Top tip: “Don’t go too deep. Keep your powder dry. Greenhow Hill is only five miles away.”

According to the Strava segment it averages at 11% but is 24% at its worst. I confess to walking a little of it in the middle.

Tour de Yorkshire Route Profile

After this there was quite a lot of descending until about 60km where we had a cat 4 hill nearly 6km long, topping out at 7.8% but averaging only 2.1% because of some short downhill respites. This was roughly where we joined the Stage 4 route of the TDY proper.

My water bottle was empty by the second feed station at Pateley Bridge but it was a seriously bad plan to fill it just before Greenhow Hill, all that extra weight up the beast, described here by Simon Warren “The toughest part of the course by some distance, this four kilometre climb is a formidable foe with maximum gradients of over 18%. Like a giant flight of stairs, the tough climbing comes in four distinct sections, broken up by periods of calm to allow partial recovery. Each steep stretch is slightly easier than the one before, and each rest slightly shorter until you leave the trees and face up to the block headwind which ALWAYS greets riders at the top. This may not be true, but I have never experienced anything else, and even though the slope is shallower over the last kilometre it has the tendency to feel just as hard.”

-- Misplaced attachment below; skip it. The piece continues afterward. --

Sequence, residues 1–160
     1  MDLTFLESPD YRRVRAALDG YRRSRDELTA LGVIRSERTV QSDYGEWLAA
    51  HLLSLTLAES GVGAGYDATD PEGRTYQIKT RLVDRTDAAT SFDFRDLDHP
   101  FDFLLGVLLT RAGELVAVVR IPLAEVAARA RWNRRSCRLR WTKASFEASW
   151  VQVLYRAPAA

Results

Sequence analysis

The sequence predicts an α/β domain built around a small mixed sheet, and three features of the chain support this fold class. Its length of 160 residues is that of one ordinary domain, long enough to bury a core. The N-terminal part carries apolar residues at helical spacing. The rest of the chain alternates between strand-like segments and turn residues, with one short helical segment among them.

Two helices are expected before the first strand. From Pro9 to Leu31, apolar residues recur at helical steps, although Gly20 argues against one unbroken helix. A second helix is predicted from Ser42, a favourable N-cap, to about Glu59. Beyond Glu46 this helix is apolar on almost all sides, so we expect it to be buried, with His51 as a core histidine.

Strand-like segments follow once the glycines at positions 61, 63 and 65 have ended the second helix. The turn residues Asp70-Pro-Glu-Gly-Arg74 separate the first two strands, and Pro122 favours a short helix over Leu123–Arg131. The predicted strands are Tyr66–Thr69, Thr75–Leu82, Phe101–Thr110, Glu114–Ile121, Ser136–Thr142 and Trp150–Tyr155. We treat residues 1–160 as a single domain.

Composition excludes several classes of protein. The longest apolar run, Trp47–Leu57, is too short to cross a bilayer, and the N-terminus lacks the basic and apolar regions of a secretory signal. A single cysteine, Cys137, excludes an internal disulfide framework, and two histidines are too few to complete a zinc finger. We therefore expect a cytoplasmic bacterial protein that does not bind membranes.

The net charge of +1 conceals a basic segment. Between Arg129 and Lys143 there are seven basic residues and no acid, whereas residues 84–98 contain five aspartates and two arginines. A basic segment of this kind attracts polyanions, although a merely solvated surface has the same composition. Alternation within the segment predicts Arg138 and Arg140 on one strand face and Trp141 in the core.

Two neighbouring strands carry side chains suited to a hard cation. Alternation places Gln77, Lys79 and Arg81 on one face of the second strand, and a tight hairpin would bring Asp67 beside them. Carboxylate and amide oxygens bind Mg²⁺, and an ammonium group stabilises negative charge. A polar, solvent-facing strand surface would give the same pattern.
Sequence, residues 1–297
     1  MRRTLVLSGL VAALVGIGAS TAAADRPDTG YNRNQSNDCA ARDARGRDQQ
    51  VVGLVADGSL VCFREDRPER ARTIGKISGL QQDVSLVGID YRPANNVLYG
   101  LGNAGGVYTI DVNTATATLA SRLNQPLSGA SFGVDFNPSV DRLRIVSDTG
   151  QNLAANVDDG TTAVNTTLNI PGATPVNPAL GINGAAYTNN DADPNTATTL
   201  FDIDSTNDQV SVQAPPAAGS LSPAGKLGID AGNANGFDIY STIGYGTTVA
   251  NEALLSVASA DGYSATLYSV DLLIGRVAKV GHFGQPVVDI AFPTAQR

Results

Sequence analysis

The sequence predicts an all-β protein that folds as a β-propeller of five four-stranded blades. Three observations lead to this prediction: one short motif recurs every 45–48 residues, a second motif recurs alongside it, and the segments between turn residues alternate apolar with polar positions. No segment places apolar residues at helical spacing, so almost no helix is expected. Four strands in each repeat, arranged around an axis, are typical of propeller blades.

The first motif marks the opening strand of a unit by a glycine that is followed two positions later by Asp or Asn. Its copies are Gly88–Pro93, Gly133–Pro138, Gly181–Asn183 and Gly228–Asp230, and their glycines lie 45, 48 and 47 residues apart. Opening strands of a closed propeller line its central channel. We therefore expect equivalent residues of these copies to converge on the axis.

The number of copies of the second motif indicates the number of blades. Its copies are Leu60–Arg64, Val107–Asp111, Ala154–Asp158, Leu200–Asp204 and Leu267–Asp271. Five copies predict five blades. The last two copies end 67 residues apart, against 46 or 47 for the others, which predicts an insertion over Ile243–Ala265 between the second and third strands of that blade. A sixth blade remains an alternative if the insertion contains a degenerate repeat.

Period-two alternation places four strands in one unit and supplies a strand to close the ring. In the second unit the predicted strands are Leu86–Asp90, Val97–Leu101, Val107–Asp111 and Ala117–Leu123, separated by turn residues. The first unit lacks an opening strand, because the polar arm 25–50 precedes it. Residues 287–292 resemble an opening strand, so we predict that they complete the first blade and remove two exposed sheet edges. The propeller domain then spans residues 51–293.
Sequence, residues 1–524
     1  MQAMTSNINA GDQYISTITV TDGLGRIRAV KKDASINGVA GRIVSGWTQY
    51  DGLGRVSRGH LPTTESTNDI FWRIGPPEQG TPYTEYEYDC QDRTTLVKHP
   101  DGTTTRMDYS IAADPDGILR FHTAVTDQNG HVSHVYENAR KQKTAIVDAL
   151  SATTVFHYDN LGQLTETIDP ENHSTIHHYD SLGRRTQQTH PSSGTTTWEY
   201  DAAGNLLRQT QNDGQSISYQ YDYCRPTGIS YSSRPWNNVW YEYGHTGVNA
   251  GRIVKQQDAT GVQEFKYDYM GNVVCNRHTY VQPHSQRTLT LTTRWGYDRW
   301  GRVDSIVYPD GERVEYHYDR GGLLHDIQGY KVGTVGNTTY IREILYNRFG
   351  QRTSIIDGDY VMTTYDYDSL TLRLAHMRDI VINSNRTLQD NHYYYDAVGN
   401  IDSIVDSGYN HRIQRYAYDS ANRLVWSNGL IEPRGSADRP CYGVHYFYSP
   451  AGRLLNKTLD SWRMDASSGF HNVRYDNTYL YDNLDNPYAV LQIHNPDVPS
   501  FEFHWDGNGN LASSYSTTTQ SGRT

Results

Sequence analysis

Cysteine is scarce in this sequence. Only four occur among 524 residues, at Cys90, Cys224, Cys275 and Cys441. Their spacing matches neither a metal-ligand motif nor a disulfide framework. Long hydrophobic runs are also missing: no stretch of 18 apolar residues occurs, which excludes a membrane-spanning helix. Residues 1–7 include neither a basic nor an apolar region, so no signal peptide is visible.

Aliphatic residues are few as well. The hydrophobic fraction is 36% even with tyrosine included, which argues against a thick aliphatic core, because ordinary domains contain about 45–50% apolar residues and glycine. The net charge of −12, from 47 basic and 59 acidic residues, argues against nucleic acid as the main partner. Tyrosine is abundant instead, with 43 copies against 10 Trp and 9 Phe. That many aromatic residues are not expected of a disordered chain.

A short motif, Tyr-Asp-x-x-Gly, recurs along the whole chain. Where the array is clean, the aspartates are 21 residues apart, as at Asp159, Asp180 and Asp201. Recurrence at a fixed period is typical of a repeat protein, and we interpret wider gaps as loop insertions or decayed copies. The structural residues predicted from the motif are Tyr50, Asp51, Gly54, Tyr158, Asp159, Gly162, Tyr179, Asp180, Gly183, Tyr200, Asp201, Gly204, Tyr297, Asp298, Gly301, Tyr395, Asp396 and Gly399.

At 103km started the Cote de Otley Chevin which along with Greenhow you might have seen on the  Tour de Yorkshire highlights show. We were greeted with a sign which said KOM summit 1.7km and there followed what looked like a wall. The actual climb is 3km long, the first km is cat 4 and then the rest is cat 3, topping out at nearly 18%. The only good thing about this bit was that the road was closed by the time we got there so it was possible to zig zag up the hill safely. I walked 50m or so but got back on with 500m to go to the KOM line and gave a little spurt at that point because I thought I ought to! In my defence loads of riders walked far more and far earlier. There followed 9 km or so of mostly down until Tinshill Lane which was steep but mercifully short at 1.2km of between 5 and 8%. Some of the descending on this ride was exhilarating because it was straight down and you could see that you were going straight up at the end of it so didn’t need to slow down at all. I hit 59km/h at one point!